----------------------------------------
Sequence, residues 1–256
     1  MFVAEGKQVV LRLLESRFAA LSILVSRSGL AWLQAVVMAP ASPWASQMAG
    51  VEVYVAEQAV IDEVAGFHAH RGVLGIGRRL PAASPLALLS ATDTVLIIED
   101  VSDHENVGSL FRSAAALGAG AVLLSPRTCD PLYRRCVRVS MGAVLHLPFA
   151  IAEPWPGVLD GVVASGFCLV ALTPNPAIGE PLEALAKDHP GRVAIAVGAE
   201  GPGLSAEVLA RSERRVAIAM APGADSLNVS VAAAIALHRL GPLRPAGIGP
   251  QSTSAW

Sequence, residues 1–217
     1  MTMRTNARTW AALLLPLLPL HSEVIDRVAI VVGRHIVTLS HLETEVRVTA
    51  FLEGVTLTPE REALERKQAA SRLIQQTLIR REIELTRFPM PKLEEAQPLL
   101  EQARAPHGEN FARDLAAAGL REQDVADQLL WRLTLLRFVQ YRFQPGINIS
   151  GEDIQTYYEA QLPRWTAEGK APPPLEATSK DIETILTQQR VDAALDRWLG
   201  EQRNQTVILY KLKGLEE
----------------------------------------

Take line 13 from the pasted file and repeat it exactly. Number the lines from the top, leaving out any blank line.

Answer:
   201  EQRNQTVILY KLKGLEE